A BRIEF HISTORY OF GREENMOUNT GOLF CLUB

Greenmount Golf Club owes its origin to fourteen local business and professional gentlemen who met on 24th June 1920 to discuss the formation of a Golf Club in the area. Eleven of them, together with three others, were elected to the first Council at the first General Meeting held on 7th July 1920. Mr H Rostron was elected as Captain and Mr Myles Kenyon, then High Sheriff of Lancashire and Captain of Lancashire County Cricket Club, accepted an invitation to become the first President. Entrance fees were set at £2 -2 -0d for the Gentlemen and £1 -1 -0d for the Ladies and annual subscriptions respectively at £3 -3 -0d and £1 -1 -0d.

Mr Kenyon retired as President in 1924 and was succeeded by Major Charles Ainsworth who was MP for Bury from 1918 - 1935. He held office until 1934 since when it has been in the hands of worthy members of the Club rather than of the wider community.

The course took shape on some 36 acres of land leased from Mr Simmonds of Greenhalgh Fold Farm. The Clubhouse was initially sited in a lean-to attached to the farmhouse, made habitable by the considerable efforts of the members. Mrs Simmonds was to provide catering services and Mr Simmonds was employed to help with the preparation and maintenance of the course. At first small greens were cut by hand mower and were extended when a motor mower was acquired. The purchase of a horse drawn mower (and a horse) began the transformation of pasture land into fairway.

The formal opening of the course took place on Saturday 18th June 1921 and was celebrated with a gala day, and a golf match played by the Captain and Vice-Captain, Mr H Rostron and Dr G Bailey against Messrs A Worthington and J Sutherst of Great Lever and Farnworth Golf Club. The result is not recorded but we do know that the generous visitors donated respectively the Worthington Cup and the Sutherst Bowl, the Club's first Trophies, which are still competed for annually.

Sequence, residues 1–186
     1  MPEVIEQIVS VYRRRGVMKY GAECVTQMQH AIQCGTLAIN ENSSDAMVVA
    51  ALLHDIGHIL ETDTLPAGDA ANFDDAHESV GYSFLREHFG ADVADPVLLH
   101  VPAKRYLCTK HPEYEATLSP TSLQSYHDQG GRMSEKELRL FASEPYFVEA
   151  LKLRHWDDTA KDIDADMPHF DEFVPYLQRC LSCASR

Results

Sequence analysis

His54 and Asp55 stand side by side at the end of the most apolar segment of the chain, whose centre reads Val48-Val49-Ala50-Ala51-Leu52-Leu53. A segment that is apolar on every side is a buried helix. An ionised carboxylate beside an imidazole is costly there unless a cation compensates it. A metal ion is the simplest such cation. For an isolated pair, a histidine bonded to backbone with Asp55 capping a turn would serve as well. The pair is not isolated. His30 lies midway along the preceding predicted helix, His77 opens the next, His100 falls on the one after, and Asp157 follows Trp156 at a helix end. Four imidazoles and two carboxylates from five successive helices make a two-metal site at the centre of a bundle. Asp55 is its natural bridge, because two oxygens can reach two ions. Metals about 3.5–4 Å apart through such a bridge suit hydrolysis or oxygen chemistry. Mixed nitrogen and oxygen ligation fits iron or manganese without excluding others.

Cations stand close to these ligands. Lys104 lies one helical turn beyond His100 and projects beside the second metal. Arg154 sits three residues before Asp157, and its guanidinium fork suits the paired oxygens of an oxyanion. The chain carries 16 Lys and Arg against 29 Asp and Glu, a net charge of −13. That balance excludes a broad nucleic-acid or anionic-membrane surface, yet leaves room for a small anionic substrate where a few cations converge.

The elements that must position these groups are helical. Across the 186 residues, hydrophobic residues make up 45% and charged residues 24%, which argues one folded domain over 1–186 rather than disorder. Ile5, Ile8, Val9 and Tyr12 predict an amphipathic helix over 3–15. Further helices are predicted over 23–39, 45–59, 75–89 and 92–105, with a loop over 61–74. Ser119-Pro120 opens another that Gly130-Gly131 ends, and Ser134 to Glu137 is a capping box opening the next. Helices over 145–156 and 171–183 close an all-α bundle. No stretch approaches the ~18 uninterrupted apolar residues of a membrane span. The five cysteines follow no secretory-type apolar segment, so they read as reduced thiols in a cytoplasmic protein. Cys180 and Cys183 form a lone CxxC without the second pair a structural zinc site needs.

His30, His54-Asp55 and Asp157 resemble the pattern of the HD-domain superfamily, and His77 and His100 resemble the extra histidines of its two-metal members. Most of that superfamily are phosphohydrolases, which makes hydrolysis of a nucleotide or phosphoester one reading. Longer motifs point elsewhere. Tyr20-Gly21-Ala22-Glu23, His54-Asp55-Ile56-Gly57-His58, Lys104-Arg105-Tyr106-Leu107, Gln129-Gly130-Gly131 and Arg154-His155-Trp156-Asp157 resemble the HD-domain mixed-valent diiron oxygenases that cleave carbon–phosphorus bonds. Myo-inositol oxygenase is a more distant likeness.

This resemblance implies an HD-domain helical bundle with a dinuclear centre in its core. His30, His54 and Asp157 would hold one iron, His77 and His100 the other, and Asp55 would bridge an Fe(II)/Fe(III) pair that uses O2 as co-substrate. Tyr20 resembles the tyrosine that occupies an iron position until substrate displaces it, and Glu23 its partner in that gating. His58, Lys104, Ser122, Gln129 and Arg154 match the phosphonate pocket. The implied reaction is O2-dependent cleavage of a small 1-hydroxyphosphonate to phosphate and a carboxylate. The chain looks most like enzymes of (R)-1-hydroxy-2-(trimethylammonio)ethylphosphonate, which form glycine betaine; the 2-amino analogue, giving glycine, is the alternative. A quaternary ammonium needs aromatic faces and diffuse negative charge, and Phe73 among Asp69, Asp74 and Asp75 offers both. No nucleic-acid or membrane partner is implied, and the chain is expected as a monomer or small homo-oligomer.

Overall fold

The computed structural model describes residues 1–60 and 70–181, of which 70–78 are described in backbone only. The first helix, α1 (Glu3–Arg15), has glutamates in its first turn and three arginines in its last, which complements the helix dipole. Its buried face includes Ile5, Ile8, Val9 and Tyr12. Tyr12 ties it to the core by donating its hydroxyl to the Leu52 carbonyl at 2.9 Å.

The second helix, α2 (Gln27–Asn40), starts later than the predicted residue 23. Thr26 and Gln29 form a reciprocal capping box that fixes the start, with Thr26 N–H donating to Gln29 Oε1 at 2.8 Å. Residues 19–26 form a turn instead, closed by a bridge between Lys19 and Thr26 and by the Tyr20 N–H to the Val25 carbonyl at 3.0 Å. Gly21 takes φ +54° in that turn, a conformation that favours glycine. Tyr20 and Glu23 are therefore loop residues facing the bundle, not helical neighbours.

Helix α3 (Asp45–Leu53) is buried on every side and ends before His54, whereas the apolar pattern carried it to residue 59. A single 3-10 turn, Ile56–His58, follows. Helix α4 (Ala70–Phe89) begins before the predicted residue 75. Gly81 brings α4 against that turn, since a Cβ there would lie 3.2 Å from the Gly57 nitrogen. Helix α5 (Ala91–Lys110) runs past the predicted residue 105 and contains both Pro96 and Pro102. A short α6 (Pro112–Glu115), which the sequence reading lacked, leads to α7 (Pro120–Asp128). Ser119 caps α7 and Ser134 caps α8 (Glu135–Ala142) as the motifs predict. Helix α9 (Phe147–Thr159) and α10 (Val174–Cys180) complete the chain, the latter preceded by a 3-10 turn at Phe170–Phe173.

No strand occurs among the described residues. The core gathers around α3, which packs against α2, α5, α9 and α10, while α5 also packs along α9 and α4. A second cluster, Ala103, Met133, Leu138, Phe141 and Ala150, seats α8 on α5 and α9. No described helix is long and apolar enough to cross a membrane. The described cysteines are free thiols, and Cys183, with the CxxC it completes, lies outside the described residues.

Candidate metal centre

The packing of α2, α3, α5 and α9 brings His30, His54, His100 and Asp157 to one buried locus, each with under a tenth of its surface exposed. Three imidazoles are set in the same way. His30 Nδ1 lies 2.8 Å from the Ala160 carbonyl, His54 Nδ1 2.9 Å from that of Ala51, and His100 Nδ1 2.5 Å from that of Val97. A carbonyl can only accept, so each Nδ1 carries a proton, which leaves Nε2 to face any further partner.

Relations had deteriorated so far by 1925 that the Council bravely decided to dispense with the services of the landlord and his wife. The immediate upshot was that the members had to leave the modest comforts of the lean-to and were temporarily rehoused in the barn which still stands to the left of the first fairway. Construction of a new wooden Clubhouse on the present site was soon completed and Miss Olive was appointed Stewardess. She ruled over the Clubhouse and looked after the members, mostly with the support of but occasionally in defiance of the Council for 25 years until she finally retired in 1950, much missed and quite irreplaceable.

After protracted negotiation all the land and farm buildings were acquired for £2000 in 1935.

The Club prospered despite the privations of wartime, which included accommodating sheep for grazing as the preferred alternative to ploughing up the fairways, until disaster struck on the night of 22nd December 1947 when the Clubhouse was consumed by fire.

Fortunately, rebuilding was speedily commenced. The new Clubhouse was opened in mid-1948 and, having undergone a number of alterations and extensions, remains in use today.

In 1989 land was bought from Brick Barn Farm to extend the then 7th hole. More recently the acquisition of the land adjacent to the access road from Holcombe Road has allowed the Club considerably to extend and redesign the course to provide the attractive, yet testing layout, it now enjoys.

A E G Gardiner
Past Captain
Past President
Life Member

Course Status
Currently open
16.09.2017 08:52
With the following restrictions: Preferred Lies, see local rule re holes 7/16 & 8/17
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